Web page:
The hemolytic anemias are classified according to many different schemes. In this chapter, we have classified the hemolytic anemias according to the site of hemoly-sis by classifying hemolytic events as either extravascu-lar or intravascular. Yet many textbooks discuss the
Table 4.3 O Hemolytic Anemias Classified by Intrinsic or Extrinsic Defects (Modified List)
Intrinsic Red Cell Defects Leading to Hemolysis
Extrinsic Defects Leading to Hemolysis
Hemoglobinopathies: structural and synthetic
Red cell membrane defects
Red cell enzyme defects
Stem cell defects
Autoimmune hemolytic anemia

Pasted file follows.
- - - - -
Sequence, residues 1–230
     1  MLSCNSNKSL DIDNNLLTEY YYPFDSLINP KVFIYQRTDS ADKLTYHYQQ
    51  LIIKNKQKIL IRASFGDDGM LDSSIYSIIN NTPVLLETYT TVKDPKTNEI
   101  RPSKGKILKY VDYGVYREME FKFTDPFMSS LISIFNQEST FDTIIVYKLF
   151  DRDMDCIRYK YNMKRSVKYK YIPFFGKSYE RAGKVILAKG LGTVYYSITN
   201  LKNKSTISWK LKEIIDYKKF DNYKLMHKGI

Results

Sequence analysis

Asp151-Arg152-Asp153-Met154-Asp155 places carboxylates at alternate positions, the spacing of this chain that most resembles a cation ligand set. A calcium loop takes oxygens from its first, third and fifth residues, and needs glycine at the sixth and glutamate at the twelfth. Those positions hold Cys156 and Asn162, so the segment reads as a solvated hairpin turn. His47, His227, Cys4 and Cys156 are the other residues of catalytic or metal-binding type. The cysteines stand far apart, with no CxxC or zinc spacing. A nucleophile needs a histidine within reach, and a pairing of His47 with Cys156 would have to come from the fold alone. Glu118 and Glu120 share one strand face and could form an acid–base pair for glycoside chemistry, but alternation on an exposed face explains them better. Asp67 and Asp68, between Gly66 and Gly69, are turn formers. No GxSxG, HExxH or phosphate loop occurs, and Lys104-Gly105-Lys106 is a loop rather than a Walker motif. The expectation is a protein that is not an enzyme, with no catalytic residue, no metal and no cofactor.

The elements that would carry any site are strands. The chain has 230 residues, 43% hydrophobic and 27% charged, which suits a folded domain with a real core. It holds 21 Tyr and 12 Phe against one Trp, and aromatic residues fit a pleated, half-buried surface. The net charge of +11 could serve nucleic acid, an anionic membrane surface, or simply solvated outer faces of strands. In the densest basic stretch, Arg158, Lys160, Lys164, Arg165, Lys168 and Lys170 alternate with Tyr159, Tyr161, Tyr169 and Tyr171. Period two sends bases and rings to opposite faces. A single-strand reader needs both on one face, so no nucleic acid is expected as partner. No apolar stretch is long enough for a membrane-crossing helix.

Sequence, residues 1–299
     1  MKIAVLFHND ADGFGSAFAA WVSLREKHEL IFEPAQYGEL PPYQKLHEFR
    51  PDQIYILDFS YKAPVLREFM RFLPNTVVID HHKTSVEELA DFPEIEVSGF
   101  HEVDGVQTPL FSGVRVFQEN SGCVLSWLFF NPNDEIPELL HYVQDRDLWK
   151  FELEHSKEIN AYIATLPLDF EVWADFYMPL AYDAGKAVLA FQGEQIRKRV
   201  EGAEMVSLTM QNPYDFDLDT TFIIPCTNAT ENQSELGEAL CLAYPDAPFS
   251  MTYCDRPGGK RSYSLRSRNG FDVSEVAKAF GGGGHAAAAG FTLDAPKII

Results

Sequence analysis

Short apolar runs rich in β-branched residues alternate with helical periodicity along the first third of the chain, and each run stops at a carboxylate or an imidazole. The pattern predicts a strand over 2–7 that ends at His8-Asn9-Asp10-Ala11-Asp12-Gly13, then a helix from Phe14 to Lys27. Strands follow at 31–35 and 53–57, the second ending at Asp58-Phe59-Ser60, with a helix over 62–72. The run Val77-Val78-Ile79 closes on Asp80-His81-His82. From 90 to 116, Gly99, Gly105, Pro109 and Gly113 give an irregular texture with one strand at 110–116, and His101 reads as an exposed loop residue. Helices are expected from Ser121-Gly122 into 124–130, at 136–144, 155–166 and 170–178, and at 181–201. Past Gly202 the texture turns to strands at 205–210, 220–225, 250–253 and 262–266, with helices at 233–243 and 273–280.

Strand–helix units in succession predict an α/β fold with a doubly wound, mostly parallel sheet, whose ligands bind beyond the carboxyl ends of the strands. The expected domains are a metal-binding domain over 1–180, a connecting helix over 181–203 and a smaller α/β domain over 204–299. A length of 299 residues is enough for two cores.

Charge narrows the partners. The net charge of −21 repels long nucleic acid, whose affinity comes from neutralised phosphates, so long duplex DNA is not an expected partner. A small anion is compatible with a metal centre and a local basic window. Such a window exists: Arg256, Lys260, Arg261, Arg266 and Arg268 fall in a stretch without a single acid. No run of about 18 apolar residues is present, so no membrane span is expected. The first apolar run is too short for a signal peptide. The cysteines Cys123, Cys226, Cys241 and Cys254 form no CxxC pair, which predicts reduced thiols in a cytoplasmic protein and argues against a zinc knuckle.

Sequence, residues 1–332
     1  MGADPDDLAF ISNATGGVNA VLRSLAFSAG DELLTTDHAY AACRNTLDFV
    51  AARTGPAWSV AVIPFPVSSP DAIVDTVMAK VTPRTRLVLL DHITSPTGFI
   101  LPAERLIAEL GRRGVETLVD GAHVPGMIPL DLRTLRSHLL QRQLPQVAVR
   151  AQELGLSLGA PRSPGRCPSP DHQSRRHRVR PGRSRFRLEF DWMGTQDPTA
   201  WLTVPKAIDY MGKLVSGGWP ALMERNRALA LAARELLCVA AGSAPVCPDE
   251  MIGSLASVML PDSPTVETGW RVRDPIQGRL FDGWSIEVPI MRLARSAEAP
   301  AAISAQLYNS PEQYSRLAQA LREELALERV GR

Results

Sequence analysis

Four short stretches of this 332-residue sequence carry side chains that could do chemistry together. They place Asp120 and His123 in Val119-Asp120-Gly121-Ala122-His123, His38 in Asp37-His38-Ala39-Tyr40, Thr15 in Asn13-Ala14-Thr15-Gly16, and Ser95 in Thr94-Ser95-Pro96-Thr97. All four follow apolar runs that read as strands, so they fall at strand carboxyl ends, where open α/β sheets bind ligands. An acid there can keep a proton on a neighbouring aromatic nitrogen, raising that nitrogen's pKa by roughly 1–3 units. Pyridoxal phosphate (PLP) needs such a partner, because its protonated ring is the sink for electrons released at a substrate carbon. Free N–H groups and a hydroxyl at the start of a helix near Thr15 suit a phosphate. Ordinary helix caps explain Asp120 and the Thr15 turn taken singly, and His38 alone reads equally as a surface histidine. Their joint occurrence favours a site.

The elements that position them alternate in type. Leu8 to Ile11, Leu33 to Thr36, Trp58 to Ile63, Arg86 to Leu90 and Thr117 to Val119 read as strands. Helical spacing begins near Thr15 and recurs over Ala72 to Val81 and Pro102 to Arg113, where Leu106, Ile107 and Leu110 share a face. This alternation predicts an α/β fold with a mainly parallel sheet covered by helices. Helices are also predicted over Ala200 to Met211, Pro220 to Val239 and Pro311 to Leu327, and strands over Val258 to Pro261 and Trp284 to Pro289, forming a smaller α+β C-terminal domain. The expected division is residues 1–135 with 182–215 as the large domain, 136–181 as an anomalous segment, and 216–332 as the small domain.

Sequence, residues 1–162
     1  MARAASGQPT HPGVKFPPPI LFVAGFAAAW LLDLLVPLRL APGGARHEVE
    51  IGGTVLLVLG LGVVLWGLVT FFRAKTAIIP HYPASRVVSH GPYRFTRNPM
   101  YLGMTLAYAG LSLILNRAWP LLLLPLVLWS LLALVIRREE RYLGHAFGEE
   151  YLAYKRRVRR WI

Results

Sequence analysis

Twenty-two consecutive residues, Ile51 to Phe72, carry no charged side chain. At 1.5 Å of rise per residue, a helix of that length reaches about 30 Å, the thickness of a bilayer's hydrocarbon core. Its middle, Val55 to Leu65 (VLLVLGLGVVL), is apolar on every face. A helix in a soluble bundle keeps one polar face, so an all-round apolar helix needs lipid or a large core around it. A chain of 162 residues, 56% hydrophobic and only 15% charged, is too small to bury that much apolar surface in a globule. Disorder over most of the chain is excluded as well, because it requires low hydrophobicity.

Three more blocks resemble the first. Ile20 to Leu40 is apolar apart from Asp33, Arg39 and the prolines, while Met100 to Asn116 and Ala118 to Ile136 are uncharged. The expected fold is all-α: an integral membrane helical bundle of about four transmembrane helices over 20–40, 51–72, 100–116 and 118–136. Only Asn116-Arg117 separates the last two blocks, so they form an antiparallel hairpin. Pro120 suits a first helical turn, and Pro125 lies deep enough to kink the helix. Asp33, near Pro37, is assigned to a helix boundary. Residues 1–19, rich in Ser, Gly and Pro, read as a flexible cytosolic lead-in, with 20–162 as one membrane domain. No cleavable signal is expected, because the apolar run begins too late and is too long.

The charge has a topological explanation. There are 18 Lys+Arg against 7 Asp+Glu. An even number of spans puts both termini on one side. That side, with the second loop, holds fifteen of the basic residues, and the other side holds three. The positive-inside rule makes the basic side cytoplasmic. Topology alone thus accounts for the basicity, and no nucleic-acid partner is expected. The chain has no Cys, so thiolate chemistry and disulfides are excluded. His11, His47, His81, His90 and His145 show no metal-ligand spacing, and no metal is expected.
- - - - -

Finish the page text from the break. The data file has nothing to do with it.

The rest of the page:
Environmental agents, including venoms and chemical agents hemolytic anemias in terms of those that result from intrinsic defects of the red cell as opposed to those that result from extrinsic events that are not necessarily related to the structure of the red cell but affect its life span. Intrinsic defects of the red cell relate to inherited deficiencies of the red cell membrane, hemoglobin structure or synthesis, or biochemical components. Extrinsic defects relate to those events that are secondary to red cell structure and function but may still result in a hemolytic event. Regardless of the classification, it is paramount that the hemolytic anemias be recognized, evaluated, and managed so that life-threatening sequelae do not arise.9 See Table 4.3 for a modified list of those anemias classified by intrinsic or extrinsic defects.
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